Only a few people can trace their obesity to a precise gene defect. For example, in 1994 a gene was identified in rats and in mice which, when mutated or defective, caused them to become very obese (Zhang et al.). This gene, dubbed the ob (obese) gene, governs the production of a protein called leptin. Leptin is made by the adipose tissue and is released into the circulation system, where it is transported to other tissues containing the receptor for this protein, which is called the leptin receptor. Defects in either the leptin or the leptin receptor can result in obesity, but this form of obesity is very rare. Defects in a number of specific other genes can result in obesity in rodents, and scientists have identified the human counterparts to those genes. Nevertheless, all of the known gene mutations added together account for fewer than 100 cases of obesity in humans. In addition, there are a number of very rare genetic syndromes that are characterized by obesity, including, for example, Prader-Willie Syndrome and Pickwickian Syndrome. Even when those syndromes are factored in, less than one percent of obese persons have a known genetic cause of their obesity.
Some scientists believe that most of the genetic contribution to obesity is conveyed by the interactions of many different genes on many different chromosomes, each contributing in some small way to obesity. Genes interact with each other and with the environment, thus further complicating the medical community's ability to identify the exact causes of obesity, and as noted, the degree of obesity often naturally increases with age from the thirties to the sixties, further complicating the assessment of causes of obesity.
In addition to increasing the risk of death, obesity carries with it many other physiological changes that contribute to reduced health or increased morbidity (illness) (Bray and James). Obese persons have a higher likelihood of developing type 2 diabetes and cardiovascular disease. They also have a greater incidence of gallstones, joint disorders, certain cancers, and sleep apnea. In addition, obese persons frequently suffer from discrimination due to their body weight. Recent studies of the very obese in which significant weight loss was achieved and sustained using various gastrointestinal (stomach and intestinal) surgical procedures showed a great reduction in the illnesses listed above after obesity was reduced (Sjostrom et al.). Also, in nonhuman primates, the long term restraint of calories, adjusted to maintain a health body weight and to prevent the development of obesity, has been shown to prevent (or greatly delay) the development of the adult onset of Type 2 diabetes, which is the type most often associated with obesity (Hansen and Bodkin). In 2001, evidence suggested that the life long restraint of caloric intake sufficient enough to prevent the development of obesity also would postpone the average age of death and possibly extend overall life span (Hansen). The mechanisms underlying this improved morbidity and mortality through obesity prevention and calorie restraint are not yet known.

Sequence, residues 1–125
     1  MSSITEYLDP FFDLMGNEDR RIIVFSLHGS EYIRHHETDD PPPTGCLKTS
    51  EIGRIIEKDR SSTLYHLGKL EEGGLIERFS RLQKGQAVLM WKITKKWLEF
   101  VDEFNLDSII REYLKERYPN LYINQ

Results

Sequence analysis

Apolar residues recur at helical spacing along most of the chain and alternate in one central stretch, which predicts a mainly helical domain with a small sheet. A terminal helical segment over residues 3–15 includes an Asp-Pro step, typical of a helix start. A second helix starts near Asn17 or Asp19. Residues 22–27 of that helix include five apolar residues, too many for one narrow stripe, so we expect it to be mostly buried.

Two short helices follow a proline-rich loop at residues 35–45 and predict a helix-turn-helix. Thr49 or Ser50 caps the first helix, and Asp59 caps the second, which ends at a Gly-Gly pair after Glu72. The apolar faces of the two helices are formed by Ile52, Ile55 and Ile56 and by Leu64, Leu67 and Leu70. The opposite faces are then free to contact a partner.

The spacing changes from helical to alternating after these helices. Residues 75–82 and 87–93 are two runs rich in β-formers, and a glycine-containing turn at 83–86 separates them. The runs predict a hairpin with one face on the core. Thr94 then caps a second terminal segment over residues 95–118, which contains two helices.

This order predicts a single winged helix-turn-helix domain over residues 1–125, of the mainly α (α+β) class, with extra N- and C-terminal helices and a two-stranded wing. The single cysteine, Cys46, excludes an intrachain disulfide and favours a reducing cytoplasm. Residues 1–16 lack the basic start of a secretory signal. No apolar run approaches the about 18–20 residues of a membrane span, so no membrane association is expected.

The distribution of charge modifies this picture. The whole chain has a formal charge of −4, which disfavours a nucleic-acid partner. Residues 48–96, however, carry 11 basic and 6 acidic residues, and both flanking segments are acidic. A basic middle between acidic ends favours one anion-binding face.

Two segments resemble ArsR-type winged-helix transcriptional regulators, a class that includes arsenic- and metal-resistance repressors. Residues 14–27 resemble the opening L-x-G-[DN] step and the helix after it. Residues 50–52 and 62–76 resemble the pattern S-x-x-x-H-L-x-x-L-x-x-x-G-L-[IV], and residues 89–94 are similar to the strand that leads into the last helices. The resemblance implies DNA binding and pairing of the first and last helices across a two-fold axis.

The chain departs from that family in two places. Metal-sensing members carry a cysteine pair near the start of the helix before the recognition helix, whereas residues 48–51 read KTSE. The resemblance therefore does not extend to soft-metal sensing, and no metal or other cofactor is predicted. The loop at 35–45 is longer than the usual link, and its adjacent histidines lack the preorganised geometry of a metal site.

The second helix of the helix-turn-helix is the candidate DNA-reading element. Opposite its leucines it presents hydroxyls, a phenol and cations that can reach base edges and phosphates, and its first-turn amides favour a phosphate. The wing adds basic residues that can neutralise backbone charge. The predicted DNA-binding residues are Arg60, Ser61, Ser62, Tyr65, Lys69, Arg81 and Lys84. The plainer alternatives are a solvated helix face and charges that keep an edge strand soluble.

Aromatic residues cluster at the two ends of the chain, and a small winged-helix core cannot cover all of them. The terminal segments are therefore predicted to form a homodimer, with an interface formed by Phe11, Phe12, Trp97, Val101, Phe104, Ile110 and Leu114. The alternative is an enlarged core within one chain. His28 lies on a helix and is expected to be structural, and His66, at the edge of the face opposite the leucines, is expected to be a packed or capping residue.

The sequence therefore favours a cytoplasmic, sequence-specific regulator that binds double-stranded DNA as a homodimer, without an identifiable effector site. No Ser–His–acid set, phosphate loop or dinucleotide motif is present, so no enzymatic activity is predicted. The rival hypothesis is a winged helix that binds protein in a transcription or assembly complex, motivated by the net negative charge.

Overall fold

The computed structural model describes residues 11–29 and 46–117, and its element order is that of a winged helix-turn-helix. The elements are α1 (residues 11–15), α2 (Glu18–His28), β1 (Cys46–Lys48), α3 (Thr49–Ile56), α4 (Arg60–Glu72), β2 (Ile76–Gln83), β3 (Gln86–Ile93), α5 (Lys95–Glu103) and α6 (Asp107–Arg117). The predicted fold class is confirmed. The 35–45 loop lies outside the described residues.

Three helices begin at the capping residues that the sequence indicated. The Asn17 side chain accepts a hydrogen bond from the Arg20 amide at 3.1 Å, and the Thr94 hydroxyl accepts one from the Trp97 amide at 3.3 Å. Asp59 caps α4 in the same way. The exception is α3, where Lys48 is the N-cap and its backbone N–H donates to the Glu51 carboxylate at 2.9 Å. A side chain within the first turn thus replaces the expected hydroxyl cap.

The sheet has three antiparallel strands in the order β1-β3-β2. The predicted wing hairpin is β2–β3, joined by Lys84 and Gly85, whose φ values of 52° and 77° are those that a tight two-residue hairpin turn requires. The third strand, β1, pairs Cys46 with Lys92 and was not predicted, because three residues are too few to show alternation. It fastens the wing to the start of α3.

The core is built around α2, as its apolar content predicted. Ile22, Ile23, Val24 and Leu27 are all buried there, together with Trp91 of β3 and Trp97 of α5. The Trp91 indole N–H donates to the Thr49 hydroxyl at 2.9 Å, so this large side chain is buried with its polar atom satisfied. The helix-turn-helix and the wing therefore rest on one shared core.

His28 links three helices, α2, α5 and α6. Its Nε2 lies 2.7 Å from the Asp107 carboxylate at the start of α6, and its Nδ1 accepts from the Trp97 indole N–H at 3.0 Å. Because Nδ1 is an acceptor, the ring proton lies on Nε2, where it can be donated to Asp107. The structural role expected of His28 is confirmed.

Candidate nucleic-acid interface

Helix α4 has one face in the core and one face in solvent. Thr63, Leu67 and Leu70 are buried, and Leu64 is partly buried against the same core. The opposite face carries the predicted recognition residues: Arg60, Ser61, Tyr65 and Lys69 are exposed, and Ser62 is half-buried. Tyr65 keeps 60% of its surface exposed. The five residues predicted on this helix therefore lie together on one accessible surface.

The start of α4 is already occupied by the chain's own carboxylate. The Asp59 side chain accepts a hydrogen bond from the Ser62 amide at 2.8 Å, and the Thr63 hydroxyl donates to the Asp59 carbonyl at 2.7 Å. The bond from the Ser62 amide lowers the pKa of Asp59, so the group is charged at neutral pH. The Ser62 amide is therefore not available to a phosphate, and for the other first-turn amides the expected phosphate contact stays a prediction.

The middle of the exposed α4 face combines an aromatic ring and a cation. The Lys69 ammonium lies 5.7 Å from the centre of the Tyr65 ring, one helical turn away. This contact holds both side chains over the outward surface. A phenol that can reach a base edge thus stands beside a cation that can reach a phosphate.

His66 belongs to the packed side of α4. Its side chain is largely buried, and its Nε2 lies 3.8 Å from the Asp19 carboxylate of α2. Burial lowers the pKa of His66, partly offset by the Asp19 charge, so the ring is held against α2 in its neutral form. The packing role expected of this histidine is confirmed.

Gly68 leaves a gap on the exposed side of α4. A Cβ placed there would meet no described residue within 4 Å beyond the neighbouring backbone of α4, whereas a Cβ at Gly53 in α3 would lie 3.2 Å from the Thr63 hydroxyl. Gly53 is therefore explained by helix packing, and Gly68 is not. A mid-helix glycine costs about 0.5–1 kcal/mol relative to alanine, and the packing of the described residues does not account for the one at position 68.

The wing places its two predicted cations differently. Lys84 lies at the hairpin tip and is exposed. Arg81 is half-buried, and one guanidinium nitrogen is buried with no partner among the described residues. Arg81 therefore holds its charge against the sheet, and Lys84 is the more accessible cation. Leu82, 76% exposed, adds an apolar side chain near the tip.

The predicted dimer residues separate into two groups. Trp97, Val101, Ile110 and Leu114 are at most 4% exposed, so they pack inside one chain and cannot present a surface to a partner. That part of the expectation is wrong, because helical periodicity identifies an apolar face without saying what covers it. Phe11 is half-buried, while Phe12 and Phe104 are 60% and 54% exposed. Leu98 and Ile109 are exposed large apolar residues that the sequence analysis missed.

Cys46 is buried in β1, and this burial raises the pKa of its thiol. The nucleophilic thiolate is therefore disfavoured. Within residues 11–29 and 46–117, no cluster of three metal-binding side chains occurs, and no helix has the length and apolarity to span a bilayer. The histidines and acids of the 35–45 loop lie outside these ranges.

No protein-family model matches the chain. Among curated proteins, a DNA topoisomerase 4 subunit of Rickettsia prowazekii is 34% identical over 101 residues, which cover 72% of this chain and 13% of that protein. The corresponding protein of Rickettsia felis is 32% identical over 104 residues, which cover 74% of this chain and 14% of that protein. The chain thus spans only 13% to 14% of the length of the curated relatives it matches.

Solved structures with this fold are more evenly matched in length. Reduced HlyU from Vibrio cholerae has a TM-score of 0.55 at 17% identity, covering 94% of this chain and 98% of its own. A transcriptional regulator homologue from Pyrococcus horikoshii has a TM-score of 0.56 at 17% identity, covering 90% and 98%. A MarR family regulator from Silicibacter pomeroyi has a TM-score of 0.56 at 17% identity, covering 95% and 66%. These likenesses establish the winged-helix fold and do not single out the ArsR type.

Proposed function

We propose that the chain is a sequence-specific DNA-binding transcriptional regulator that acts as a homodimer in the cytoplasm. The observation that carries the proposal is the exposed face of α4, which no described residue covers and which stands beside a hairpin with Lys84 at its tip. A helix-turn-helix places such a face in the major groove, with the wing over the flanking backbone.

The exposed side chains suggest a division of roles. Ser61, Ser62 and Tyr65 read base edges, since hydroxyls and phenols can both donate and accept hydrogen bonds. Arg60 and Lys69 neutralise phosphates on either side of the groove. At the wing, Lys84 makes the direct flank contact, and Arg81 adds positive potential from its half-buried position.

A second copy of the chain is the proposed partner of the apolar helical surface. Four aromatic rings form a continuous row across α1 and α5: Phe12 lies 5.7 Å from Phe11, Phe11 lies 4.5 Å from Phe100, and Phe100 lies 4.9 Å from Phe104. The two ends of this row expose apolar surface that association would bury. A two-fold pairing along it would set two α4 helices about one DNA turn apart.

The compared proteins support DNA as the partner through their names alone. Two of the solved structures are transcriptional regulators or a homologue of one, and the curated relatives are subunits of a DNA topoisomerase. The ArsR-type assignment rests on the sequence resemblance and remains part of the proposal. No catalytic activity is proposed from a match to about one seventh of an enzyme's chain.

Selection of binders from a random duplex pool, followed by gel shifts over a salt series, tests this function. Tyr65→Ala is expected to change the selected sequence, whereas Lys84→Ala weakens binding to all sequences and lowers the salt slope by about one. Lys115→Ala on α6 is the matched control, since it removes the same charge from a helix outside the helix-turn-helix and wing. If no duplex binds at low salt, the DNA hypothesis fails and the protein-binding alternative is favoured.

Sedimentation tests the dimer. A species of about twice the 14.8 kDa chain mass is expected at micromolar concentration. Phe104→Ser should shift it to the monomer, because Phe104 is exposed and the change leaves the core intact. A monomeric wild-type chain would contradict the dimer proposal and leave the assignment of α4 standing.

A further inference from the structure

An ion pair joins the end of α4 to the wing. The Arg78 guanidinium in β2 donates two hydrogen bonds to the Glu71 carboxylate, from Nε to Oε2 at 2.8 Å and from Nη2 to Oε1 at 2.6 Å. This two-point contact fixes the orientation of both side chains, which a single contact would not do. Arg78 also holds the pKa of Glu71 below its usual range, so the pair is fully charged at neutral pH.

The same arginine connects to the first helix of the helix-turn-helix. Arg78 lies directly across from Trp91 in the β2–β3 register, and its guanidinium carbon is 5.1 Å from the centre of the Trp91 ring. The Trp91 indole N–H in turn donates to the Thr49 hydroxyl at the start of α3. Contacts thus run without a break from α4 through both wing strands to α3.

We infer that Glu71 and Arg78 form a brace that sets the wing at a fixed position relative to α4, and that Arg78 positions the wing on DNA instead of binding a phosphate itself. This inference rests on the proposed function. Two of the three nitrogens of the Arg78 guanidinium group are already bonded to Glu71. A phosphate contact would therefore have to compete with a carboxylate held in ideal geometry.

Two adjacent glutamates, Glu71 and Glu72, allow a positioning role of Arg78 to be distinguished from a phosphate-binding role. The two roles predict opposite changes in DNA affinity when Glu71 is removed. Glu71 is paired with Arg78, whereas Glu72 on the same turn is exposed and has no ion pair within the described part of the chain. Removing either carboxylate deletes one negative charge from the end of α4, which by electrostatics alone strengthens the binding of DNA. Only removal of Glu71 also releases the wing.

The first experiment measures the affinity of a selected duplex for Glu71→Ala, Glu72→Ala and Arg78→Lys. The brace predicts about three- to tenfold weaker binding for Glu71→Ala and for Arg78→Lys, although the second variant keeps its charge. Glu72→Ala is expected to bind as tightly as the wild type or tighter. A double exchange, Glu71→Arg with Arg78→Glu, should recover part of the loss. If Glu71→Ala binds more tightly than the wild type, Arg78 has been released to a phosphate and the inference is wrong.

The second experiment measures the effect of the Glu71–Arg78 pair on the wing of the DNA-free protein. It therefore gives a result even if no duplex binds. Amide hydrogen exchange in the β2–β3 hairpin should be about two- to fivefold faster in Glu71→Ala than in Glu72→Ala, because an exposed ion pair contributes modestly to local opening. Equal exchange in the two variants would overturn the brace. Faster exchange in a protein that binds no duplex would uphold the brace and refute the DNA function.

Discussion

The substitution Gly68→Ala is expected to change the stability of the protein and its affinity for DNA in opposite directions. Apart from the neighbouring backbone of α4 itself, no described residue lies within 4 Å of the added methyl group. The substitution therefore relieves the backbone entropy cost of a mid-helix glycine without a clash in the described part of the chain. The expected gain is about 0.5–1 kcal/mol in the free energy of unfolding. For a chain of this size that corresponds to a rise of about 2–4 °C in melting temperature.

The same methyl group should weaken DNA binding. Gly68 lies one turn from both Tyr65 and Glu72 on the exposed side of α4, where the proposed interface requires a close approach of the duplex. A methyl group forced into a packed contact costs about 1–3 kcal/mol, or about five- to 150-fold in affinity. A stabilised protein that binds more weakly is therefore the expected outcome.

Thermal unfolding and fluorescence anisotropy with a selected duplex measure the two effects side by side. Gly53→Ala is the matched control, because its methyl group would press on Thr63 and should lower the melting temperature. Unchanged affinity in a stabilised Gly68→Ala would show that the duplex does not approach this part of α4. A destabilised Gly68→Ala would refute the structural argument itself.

BARBARA C. HANSEN
BRAY, G.; BOUCHARD, C.; and JAMES, W. P. T. Handbook of Obesity. New York: M. Dekker, 1998.
HANSEN, B.C. "Prevention of Obesity." In The Management of Eating Disorders and Obesity. Edited by D. J. Goldstein. Totowa, N.J.: Humana Press, 1999. Pages 347–357.
HANSEN, B. C., and BODKIN, N. L. "Primary Prevention of Diabetes Mellitus By Prevention of Obesity in Monkeys." Diabetes 42 (1993): 1809–1814.
MCGINNIS, J. M., and FOEGE, W. H. "Actual Causes of Death in the United States." Journal of the American Medical Association 270, no. 18 (1993): 2207–2212.
National Institute of Health–NHLBI. "Clinical Guidelines on the Identification, Evaluation, and Treatment of Overweight and Obesity in Adults." In Eds. Washington, D.C., Government Printing Office, 1998.
SJOSTROM, C. D.; LISSNER, L.; and SJOSTROM. L. "Long-term Effects of Weight Loss on Hypertension and Diabetes: The S.O.S. Intervention Study." International Journal of Obesity 22 supp. 3 (1998): S78.
WOLF, M., and COLDITZ, G. A. "Social and Economic Effects of Body Weight in the United States." American Journal of Clinical Nutrition 63 (1996): 466S–469S.
World Health Organization. "Obesity: Preventing and Managing the Global Epidemic." In Eds. Geneva: World Health Organization, 1998. Page. 276.
ZHANG, Y.; PROECA, R.; MAFFEI, M.; BARONE, M,; LEOPOLD, L.; and FRIEDMAN, J. M. "Positional Cloning of the Mouse Obese Gene and its Human Homologue." Nature 372 (1994): 425–432.